If I were to describe 90s era comicbooks it would be high octaine action with lots of style and flair. What Alfred Paige has delivered in his book CHESS is a love letter to that 90s style. CHESS is about a covert, privatized team of heroes that serves as an intel gathering and response force. The story follows this covert team as they investigate an up and coming Arms Dealer who has been selling top of the line equipment with a built in failsafe switch. While there is no red flags about that on paper as they do not hide this fact, there is rumor that they have been using this failsafe to put their foot down on their customers leading to hundreds of deaths. While CHESS may be the name of the team, that is honestly the feel that this book has, a story of opponents maneuvering pieces around a chess board, and it’s because of this that I decided to review both the first and second issue at the same time to capture that feel.
The first issue accomplishes a lot in setting the stage for the series. Within the first 3 pages we get a fantastic introductions to the series’ antagonist: Takashi Nakadai, CEO of a weapons manufacturing company: Conflict
Technology Solutions. Nakadai is shown as stoic and ruthless, so right from the get go we have a fantastic villain that can more than hold the spotlight against a team of heroes. The team itself, on the other hand are where the heart of the book lies, as it should.
CHESS is comprised of 6 members: Pinpoint, Blowtorch, Infrared, Footpath, Airborne, and the team leader Heart. They collectively report to Avery Davis, a former CIA spook with a desire to take clandestine affairs into his own hands with as little red tape as possible, director of C.H.E.S.S. (Command Headquarters of Espionage and Strategic Strikes). It’s very difficult to write a team book, each character needs to have distinct enough personalities to make sure that the team feels like a collection of individuals and not just a carbon copy of the same persona. While 2 issues is not a lot to run with in terms of accomplishing that feat, but Paige manages to do this quite well. Pinpoint is a roguish type with flexible morals, Blowtorch is a by the book soldier that is deep down an emotionally driven person, Airborne is a smartass flyboy, the list goes on and I’ll let you discover it on your own. However, as great as the writing is the art is a highlight of a book, and CHESS is no slouch when it comes to that department.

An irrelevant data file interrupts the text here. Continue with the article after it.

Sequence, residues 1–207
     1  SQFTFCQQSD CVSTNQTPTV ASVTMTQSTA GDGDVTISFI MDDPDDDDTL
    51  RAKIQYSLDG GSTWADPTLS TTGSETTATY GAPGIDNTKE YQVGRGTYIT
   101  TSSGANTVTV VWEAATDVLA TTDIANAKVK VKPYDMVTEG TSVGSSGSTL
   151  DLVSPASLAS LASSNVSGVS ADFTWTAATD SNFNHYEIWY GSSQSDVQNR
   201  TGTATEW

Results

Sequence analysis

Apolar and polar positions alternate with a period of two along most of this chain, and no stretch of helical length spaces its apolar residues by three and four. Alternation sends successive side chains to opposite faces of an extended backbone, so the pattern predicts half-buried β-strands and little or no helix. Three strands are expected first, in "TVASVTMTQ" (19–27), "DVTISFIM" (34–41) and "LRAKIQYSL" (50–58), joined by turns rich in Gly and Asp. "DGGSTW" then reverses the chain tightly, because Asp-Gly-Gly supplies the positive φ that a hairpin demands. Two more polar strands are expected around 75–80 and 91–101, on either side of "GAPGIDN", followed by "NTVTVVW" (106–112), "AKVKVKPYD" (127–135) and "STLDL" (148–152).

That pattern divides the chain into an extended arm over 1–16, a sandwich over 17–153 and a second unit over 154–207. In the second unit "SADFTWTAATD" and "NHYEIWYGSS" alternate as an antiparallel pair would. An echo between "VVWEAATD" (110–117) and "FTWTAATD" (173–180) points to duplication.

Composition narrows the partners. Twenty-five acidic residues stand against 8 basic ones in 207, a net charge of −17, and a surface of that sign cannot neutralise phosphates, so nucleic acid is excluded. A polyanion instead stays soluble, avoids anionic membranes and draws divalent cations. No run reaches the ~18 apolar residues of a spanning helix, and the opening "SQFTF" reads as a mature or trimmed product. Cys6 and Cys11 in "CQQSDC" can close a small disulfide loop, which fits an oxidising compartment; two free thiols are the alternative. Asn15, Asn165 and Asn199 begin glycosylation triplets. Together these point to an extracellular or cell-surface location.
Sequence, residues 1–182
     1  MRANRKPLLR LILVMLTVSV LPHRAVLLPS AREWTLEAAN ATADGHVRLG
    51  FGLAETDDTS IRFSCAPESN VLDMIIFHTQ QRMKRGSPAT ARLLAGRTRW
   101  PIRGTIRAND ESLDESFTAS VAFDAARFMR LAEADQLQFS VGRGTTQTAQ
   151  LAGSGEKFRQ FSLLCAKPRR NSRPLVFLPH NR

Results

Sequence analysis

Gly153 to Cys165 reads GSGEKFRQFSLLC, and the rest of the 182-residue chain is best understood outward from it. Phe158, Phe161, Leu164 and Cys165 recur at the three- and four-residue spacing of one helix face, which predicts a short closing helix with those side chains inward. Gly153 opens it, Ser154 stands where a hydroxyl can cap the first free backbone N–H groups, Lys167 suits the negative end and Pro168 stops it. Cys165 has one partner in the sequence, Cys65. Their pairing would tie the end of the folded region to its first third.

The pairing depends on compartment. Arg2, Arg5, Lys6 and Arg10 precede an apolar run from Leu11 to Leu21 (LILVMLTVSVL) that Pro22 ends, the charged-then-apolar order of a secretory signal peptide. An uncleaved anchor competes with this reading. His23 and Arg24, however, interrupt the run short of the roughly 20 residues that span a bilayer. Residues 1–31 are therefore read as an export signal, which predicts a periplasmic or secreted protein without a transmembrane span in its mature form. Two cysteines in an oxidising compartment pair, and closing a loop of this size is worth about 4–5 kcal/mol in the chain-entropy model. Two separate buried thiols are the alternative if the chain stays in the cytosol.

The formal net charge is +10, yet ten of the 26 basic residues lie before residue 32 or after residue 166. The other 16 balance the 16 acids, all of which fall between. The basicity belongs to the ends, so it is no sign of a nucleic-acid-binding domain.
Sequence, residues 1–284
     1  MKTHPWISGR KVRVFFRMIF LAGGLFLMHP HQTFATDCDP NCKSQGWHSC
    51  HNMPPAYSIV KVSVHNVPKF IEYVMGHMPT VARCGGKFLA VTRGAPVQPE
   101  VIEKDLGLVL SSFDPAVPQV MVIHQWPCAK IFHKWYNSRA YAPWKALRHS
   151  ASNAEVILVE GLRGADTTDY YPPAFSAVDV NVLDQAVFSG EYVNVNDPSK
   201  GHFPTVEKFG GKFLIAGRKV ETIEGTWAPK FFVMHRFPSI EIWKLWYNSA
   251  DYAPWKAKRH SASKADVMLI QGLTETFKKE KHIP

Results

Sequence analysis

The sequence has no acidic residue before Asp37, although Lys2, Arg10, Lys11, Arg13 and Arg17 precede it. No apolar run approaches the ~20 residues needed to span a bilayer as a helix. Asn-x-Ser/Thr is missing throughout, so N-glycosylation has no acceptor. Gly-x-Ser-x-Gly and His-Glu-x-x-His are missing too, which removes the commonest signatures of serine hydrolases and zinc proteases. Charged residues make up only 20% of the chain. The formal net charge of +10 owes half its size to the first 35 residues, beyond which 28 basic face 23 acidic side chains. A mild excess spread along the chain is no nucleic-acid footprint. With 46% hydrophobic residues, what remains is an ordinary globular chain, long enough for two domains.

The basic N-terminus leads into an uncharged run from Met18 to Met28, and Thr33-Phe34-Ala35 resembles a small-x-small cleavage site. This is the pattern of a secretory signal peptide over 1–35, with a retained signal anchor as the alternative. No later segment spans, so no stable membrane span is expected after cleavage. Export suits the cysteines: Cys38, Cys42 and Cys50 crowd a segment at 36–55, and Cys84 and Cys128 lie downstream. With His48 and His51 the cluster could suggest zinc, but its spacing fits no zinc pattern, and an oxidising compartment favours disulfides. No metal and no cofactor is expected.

CHESS carries that Liefeld-esque 90s aesthetic that really suits the paramilitary approach to this book. Character’s designs are filled with molli gear, pouches galore, and it works. The characters look really cool ranging from heavy military style designs to sleak ninja like outfits. However, as important as the designs are themselves, what defines an action book is how dynamic the sequences are. CHESS‘s action panels are fantastic, even with the artist change between issues one and two, the way the panels are laid out draw the eye into the action and effectively accomplish the page turn effect and kept me on the edge of my seat as I went through each page.
For all of CHESS‘s strengths, there was one thing I had an issue with, and it’s less of an issue and more of a preferrence or nitpick. As mentioned before there is a change up in the artist for the second issue of the book. While the art is still REALLY good in this second issue, and has some of my favorie action sequences in the series, I do think there is something to say for holding stylistic integrity with the vision established in the first issue. While most character’s remained pretty much unaffected by this, there were some minor instances where the artist of the second issue’s vision for this book differ from the original, and as a result it can be a little bit jarring (this mainly happens in the presentation of the main villain).
All in all, the first issue of CHESS sets up a high octaine espionage thriller with pleanty of action and badass characters, and the second issue ups the antie with more action and does a brilliant job to help further the story. Issue 3 is in production, but the next adventure we will be getting from Alfred Paige is a one shot of the character Blowtorch, and from what he’s talked about in regards to this particular project, we are in for one crazy ride! So go check out CHESS issue 1 and issue 2, and get ready for a lot more excitment to come!